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Old 03-25-2007, 08:51 AM   #48
Marc Abrams
Dojo: Aikido Arts of Shin Budo Kai/ Bedford Hills, New York
Location: New York
Join Date: May 2006
Posts: 1,302
United_States
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Re: George Ledyard on the Future of Aikido

Looking at Aikikai's Hombu Dojo's response (or lack thereof) to the Aiki Expo's, looking at Aikikai's Hombu Dojo's response in Iwama should make it clear to anybody that they are intent on trying to preserve THEIR version of the legacy of the founder. THEIR form of "orthodoxy" typically removed from almost all outside influences, is not the "closed" attitude that existed when the founder was alive. George's point regarding their website listing of shihans is another indication of THEIR desire to try and control a legacy that is far beyond their control.

If Aikikai would attempt to do what George has suggested (I would bet on that line as well), they would simply fail. The legacy of Aikido is beyond their control. The teachers that George speaks of (I would include his name in the list of future leaders) are seriously engaged in trying to further "Aikido" and it's legacy. Their students are the legacy of that aim and their students speak for themselves. The more that the Hombu dojo of Aikikai tries to exert control by insisting that people stay within the limits of their closed sphere, the more irrelevant they will become (my opinion only).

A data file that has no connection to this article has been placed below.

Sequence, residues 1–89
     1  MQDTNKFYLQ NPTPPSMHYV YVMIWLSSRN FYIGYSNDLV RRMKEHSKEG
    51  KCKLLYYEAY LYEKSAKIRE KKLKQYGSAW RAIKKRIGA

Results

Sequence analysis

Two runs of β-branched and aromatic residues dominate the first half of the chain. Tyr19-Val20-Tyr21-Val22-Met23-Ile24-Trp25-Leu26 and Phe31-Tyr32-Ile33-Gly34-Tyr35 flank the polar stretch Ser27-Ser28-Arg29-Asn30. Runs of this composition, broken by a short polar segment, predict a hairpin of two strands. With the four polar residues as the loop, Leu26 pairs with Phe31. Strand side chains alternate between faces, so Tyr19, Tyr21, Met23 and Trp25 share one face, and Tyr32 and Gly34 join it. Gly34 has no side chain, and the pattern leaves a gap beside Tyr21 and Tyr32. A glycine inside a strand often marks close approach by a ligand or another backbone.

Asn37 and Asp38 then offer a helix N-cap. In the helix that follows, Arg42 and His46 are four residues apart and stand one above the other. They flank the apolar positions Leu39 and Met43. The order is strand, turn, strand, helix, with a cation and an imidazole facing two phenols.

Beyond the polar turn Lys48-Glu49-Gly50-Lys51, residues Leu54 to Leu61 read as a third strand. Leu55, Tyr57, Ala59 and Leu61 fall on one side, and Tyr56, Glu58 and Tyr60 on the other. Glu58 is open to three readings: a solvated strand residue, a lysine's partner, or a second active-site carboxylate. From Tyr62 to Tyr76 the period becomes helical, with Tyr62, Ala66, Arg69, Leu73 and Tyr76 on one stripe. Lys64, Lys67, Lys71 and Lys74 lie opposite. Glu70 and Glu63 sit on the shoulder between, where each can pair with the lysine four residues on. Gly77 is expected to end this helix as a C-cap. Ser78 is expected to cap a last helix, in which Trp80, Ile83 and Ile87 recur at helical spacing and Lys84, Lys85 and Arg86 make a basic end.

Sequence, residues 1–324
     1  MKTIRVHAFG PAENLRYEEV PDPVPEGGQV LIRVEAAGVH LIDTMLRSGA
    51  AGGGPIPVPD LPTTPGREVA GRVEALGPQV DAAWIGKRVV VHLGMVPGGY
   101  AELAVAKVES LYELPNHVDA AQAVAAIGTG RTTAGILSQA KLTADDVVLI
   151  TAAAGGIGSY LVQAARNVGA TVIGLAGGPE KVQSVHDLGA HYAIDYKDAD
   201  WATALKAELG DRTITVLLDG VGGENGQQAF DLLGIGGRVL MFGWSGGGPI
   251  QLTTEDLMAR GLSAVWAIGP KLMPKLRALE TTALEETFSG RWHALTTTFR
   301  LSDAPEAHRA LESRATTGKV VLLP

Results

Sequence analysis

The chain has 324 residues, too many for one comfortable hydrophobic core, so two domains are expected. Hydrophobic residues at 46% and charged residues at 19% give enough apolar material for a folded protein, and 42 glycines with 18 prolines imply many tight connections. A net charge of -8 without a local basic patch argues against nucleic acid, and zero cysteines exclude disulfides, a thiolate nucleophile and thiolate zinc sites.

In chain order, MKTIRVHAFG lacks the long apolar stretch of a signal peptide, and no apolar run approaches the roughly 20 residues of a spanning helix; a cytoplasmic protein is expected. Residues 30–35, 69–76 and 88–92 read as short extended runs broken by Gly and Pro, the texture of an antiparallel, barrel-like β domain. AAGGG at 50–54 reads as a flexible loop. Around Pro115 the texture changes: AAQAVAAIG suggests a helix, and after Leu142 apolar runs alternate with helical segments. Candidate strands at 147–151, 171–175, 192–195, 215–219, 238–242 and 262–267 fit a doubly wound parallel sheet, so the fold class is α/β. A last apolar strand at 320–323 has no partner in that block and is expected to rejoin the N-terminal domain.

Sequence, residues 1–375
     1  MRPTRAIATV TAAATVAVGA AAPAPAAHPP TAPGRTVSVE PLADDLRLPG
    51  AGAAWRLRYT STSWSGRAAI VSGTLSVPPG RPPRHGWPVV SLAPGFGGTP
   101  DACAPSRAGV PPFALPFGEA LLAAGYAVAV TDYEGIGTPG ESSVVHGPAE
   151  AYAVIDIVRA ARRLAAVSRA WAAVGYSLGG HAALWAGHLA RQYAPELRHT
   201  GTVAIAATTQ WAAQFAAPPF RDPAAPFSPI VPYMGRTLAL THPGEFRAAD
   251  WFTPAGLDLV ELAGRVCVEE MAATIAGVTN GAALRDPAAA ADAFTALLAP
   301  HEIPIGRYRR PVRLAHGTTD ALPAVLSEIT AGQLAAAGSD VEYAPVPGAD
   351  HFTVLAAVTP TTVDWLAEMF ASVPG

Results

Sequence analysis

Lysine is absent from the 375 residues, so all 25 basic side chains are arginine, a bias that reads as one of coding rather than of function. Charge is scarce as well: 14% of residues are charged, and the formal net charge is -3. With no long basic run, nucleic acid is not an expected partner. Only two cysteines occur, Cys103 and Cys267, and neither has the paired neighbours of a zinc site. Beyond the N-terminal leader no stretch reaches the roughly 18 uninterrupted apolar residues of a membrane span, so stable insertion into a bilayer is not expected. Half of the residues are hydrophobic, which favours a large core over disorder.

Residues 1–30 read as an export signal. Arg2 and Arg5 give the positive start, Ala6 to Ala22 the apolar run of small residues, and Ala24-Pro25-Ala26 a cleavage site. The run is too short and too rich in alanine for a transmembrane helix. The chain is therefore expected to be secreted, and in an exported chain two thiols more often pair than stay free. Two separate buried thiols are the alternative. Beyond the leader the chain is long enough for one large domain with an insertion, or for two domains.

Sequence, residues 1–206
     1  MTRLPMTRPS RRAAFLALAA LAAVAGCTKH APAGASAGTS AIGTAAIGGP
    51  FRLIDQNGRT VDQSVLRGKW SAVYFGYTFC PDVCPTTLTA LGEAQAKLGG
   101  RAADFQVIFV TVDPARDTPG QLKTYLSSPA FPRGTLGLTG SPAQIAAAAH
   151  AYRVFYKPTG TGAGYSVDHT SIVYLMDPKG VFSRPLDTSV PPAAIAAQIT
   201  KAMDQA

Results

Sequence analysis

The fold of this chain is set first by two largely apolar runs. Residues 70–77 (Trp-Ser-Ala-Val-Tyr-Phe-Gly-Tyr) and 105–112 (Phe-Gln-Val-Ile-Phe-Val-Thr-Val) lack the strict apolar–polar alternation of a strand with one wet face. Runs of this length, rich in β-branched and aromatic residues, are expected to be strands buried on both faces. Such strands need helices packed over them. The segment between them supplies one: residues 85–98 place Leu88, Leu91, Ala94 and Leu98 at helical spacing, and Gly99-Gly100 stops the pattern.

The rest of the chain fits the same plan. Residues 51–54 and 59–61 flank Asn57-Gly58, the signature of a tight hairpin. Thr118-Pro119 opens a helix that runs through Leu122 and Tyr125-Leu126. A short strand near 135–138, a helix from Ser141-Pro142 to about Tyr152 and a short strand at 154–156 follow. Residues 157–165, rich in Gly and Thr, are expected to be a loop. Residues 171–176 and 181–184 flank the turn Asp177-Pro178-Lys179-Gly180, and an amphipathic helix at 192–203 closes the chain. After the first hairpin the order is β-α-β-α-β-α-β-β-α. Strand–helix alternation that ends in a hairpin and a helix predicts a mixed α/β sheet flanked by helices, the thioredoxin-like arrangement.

The teachers that George speaks of clearly are engaged in amplifying the "internal core" of the art that some have lost sight of through senseless repetition of movements (waza). If the Hombu dojo were to truly recognize the legacy of these sincere and gifted teachers, it would only serve to help the organization grow together. The Hombu dojo's actions (or lack of actions) simply reduces the influence and authority of their organization by not publically recognizing and promoting these gifted individuals. A "smart" organization recognizes true and gifted leaders and integrates them into the leadership structure. "Dumb" organizations stick to rigid, political hierarchies and typically become less nimble, effective and successful and time goes by. Aikido will continue to grow as an art, with or without, the relevancy of the Aikikai Hombu dojo. I can only hope that the growth of Aikido is a positive growth, and that the organizations lessen their dependency on political concerns.

marc abrams
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